I is for Industry
We have a tremendous industrial heritage in the UK. Bridges, pumping stations, mills and factories across the country stand testament to the importance of industry to our economic prosperity. The construction boom during the industrial revolution, housing for the workforce and the grand civic buildings built, show the huge wealth of industrialists, whilst marking the construction sector as a key indicator of prosperity for the country, then as it still does now.
This importance has been highlighted during the difficult times of 2020 so far, where the UK government have been keen to see construction projects continue, ensuring that we continue to thrive economically as a nation, through the Covid-19 pandemic.
Industry in the UK has changed substantially in the last century. We have moved from a reliance on heavy industry towards light industry and technology. We may still be a strong nation of shopkeepers, but most of these shops need to have an on-line presence in order to thrive. E-commerce and its logistical requirements are changing the industrial, building-scape across the country.
Today’s industrial buildings may look less imposing in substance than their Victorian counterparts – bricks and mortar have for the most part given way to steel frames and cladding – but this demonstrates the advances in structural and material engineering. These new builds are no less impressive in scale. Much of today’s industrial sector activity takes place in huge warehouses or vast factory facilities, at sites that span many acres. The Amazon Fulfilment Centre in Dunfermline for example, is a colossal one million square feet in size!
Finding a suitable site for that square footage can be challenging…
Brownfield vs Greenfield
Urban brownfield sites naturally offer opportunities, with the advantage of existing utility service provision, close proximity of potential workforce, and a pragmatic use of otherwise redundant space that the local authority should welcome. But they also have their drawbacks. Constrained and congested inner city locations, tricky access to transport links or distribution networks, and the potential for a raft of hidden (and potentially expensive!) ‘nasties’ requiring remediation before any building can actually take place.
Greenfield site development for larger industrial operations, whilst not popular for obvious reasons, does have advantages. Space and ease of access to main transport routes are two key positives but achieving planning permission for such developments is more of a challenge to overcome with the local authority.
Flexibility of Purpose
Not all industrial facilities are of an amazonian scale, but the size and flexibility of steel structured buildings is appealing. Depending on the intended purpose they can be heated/unheated, refrigerated, humidity controlled or zoned to accommodate a mix of requirements. They can accommodate complex and sensitive industrial machinery, offer ‘picking’ or distribution solutions, staff offices, welfare facilities or simply be used for storage.
One key advantage is the speed of construction, and pre-fabrication can make the process even quicker still. One criticism often raised is the utilitarian appearance. This may be, but the pay-off lies with functionality and efficiency. What these buildings lack in looks, is made up for in other ways. Industry doesn’t stand still, and, with these structures, internal reconfiguration is relatively straight-forward. This is huge advantage as buildings change hands, or the company processes change and update requiring adaptations over time.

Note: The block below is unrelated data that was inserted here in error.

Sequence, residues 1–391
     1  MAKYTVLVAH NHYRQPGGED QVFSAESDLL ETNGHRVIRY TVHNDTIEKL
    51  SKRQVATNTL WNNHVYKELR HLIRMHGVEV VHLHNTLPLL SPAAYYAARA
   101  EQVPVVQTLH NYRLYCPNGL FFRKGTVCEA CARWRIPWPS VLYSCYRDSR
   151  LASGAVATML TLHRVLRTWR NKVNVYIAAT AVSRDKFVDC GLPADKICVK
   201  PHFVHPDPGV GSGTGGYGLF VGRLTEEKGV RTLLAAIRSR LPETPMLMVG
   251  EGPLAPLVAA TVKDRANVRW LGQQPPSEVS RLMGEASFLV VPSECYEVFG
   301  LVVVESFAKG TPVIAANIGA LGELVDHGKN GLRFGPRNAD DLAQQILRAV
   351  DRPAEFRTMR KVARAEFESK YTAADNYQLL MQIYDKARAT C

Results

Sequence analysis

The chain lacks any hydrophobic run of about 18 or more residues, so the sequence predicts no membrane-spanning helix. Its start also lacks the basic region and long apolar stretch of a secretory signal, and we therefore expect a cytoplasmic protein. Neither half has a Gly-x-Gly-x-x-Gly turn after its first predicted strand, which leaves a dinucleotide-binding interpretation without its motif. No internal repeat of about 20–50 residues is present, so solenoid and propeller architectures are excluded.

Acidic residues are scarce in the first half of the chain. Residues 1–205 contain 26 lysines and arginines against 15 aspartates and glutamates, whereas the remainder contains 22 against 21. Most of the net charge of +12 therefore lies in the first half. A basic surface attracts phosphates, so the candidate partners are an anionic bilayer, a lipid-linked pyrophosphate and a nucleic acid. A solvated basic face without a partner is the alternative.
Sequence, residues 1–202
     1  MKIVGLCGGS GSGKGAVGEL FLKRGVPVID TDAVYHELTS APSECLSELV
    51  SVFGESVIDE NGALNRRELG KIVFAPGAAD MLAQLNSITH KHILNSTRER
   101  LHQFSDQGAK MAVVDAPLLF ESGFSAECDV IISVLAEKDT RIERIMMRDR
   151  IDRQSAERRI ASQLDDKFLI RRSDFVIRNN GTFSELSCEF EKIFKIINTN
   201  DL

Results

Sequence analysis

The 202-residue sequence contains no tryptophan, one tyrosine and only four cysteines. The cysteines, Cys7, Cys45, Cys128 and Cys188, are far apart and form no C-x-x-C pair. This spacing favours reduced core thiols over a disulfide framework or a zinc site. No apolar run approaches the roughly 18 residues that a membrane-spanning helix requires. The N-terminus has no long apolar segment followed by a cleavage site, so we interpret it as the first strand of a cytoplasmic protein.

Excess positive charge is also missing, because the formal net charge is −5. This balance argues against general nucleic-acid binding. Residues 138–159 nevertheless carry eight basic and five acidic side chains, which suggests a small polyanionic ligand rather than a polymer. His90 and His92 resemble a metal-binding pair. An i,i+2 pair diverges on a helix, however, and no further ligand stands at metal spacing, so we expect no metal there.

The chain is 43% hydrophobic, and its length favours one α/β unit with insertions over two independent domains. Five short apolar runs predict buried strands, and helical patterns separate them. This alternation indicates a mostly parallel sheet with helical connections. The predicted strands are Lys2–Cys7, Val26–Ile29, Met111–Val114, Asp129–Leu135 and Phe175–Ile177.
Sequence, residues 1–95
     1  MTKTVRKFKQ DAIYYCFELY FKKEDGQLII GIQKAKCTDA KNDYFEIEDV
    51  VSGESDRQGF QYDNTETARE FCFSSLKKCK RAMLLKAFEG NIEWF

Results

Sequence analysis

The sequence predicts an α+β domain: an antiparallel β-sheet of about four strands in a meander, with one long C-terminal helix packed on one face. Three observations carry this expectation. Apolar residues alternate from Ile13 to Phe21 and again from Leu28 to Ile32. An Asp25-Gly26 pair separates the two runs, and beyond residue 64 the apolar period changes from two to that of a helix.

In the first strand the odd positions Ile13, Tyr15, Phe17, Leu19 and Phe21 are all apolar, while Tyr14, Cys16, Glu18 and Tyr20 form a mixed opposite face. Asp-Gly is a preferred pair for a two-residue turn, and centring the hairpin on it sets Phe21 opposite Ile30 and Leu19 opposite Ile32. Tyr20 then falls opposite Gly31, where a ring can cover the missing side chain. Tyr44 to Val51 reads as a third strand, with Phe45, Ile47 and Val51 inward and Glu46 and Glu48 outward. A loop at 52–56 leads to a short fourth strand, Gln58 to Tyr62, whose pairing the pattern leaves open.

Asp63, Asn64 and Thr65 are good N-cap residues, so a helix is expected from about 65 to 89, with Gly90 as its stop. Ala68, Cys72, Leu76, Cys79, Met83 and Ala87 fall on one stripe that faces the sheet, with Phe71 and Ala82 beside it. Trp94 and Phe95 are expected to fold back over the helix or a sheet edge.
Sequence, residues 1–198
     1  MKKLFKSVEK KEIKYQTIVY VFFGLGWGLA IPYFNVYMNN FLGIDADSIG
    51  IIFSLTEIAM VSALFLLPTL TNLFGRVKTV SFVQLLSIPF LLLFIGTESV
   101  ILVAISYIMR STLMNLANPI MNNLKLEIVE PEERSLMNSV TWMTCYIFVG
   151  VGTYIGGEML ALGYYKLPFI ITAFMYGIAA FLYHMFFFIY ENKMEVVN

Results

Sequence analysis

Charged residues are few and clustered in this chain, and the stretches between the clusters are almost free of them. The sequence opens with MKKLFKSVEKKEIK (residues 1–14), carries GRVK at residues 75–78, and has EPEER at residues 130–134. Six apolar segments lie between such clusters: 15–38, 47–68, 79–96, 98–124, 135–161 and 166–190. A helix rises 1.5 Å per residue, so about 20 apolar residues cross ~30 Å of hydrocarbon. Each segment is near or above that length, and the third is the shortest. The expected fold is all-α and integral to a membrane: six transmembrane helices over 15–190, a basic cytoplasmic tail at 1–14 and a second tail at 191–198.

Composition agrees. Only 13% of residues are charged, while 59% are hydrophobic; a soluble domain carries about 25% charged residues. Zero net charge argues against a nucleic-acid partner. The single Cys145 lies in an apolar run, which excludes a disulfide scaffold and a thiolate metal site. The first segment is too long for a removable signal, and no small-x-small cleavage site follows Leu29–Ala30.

DCP & the Industrial Sector
Daniel Connal Partnership (DCP) is extremely proud of its work in the industrial sector. Over many years in business we have been entrusted with a diverse range of instructions, demonstrating our specialist skillset as a multi-disciplinary consultancy with solid construction expertise.
2020 has been no exception:
- M&H Plastics have been a Client for over 25 years and over that period we have seen their estate extend to over 50,000m² and we’ve been delighted to play our part not only in that growth but by facilitating change through alteration projects and this year by keeping the estate safe by undertaking fire risk assessments and the design and procurement of a training academy, currently on site.
- Ten years ago we project managed the construction of a new world class manufacturing facility on a greenfield site in Halesworth for Spectra Packaging. Managing the planning process through extensive archaeology and ecological issue we then delivered 4800m² of factory, warehousing and offices. Since then a further 2400m² of space has been provided and we are now in for planning permission for a further 2000m² which is due to be constructed next year.
- Works have just been completed on a £7m hangar and engineering workshop for KLM at Norwich Airport. We provided quantity surveying and employer’s agent services on this project. The 6,527m² scheme delivered this year, all whilst working within the constraints caused by the pandemic, provides flexible spaces which will help to meet current and future engineering needs at the airport.
- The end of the year should see the completion of a major extension at Aeropak, a pharmaceutical facility in Great Yarmouth. Aeropak are a new client for DCP we have provided Quantity Surveying and Principal Designer services on this project which will provide 977m² of additional manufacturing/warehouse space plus a further 550m² for office accommodation.
At Daniel Connal Partnership we work hard with our clients across all sectors to deliver projects on time and on budget, building certainty and reducing risk, whilst maintaining safety, achieving quality and maximising investment returns for the benefit of our clients.